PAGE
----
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Getting key of value of a generic Dictionary?

How do I get a Dictionary key by value in C#?

Dictionary<string, string> types = new Dictionary<string, string>()
{
            {"1", "one"},
            {"2", "two"},
            {"3", "three"}
};

I want something like this:

getByValueKey(string value);

getByValueKey("one") must be return "1".

What is the best way do this? Maybe HashTable, SortedLists?

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4  
Exact duplicate: stackoverflow.com/questions/255341 –  Gabe Mar 14 '10 at 22:29
    
i read this article before, but answer get there. –  loviji Mar 14 '10 at 22:38
    
Yes, but there you get an accepted answer from Skeet. –  ruffin Jan 20 at 22:33
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marked as duplicate by ChrisF, Marc Gravell Mar 14 '10 at 22:42

This question has been asked before and already has an answer. If those answers do not fully address your question, please ask a new question.

3 Answers

up vote 109 down vote accepted

Values not necessarily have to be unique so you have to do a lookup. You can do something like this:

var myValue = types.FirstOrDefault(x => x.Value == "one").Key;

If values are unique and are inserted less frequently than read, then create an inverse dictionary where values are keys and keys are values.

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my values are not dublicated. so your idea is good for me. thanks. –  loviji Mar 14 '10 at 22:37
    
@loviji: Keep in mind that in the looping solution, if the value happens to be at the end of the dictionary, it will have to go over all the other values to find it. If you have a number of entries, this will slow your program down. –  Zach Johnson Mar 14 '10 at 22:41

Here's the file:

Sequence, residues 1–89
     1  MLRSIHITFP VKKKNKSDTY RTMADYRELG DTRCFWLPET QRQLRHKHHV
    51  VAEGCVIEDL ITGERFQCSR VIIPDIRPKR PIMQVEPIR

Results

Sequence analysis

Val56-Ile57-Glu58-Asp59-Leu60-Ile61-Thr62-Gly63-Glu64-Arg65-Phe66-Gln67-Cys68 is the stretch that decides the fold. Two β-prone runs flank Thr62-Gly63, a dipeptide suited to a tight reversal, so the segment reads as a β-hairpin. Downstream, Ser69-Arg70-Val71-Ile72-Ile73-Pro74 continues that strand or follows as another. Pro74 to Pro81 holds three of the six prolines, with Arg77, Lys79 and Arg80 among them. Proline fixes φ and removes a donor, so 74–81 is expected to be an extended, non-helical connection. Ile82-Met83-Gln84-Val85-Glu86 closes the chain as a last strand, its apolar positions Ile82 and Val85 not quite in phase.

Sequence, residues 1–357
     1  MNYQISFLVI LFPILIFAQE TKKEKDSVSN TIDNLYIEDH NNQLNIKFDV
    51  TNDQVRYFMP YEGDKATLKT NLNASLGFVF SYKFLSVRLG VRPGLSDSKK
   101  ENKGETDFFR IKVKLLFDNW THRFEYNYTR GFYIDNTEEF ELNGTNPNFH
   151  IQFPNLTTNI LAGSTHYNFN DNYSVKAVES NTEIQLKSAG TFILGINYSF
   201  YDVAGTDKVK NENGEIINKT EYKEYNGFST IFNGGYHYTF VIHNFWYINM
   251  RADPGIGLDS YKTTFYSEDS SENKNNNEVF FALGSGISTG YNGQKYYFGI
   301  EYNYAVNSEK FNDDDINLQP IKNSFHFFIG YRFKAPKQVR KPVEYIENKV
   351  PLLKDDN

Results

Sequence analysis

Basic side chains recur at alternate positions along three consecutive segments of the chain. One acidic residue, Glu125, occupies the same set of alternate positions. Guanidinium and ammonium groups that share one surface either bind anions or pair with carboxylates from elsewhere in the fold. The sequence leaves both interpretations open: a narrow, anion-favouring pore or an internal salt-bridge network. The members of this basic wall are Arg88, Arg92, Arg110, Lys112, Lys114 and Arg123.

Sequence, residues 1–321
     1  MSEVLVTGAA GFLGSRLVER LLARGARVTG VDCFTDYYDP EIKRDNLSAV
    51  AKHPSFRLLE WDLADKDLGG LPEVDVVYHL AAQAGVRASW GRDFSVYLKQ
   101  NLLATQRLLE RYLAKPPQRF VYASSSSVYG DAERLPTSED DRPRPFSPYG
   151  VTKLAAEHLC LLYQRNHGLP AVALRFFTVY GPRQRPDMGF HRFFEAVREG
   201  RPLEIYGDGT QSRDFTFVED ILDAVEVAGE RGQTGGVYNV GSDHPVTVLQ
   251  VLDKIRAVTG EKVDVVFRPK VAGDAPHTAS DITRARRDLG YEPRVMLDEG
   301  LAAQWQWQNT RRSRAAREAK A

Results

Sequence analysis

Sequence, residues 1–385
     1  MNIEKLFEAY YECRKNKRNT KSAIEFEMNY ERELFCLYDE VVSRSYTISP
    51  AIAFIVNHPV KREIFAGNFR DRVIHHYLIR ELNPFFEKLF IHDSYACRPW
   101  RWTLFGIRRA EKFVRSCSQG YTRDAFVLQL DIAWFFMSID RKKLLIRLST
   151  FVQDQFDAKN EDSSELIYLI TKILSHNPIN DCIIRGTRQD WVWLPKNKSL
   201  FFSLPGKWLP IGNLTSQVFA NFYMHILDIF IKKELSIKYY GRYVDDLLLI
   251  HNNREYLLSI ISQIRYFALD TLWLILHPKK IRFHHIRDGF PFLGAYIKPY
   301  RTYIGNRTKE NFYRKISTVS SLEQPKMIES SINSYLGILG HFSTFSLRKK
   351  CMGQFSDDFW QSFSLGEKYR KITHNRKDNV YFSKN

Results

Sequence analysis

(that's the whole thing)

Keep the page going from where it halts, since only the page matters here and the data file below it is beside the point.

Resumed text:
1  
@Zach Johnson: Thanks. i agree with you. and your answer i like too. but in my dictionary 8-10 entries. and they aren't added dynamically. and i think, using this answer not bad solution. –  loviji Mar 14 '10 at 22:45
    
how do you loop the myValue if it happens that the value is actually not unique. –  Roylee May 30 '13 at 15:58
2  
Am I missing something here? The code above returns the value, not the key. Wouldn't types.FirstOrDefault(x => x.Value == "one").Key be more appropriate? –  floele Jul 10 '13 at 7:27
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You could do that:

  1. By looping through all the KeyValuePair<TKey, TValue>'s in the dictionary (which will be a sizable performance hit if you have a number of entries in the dictionary)
  2. Use two dictionaries, one for value-to-key mapping and one for key-to-value mapping (which would take up twice as much space in memory).

Use Method 1 if performance is not a consideration, use Method 2 if memory is not a consideration.

Also, all keys must be unique, but the values are not required to be unique. You may have more than one key with the specified value.

Is there any reason you can't reverse the key-value relationship?

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thanks, for ideas. –  loviji Mar 14 '10 at 22:47
    
Good suggestion!!! –  Jugal Panchal Feb 12 '13 at 9:16
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What if the value exists for more than one key?

Which key should be returned?

To avoid making assumptions Microsoft hasn't included a GetKey method.

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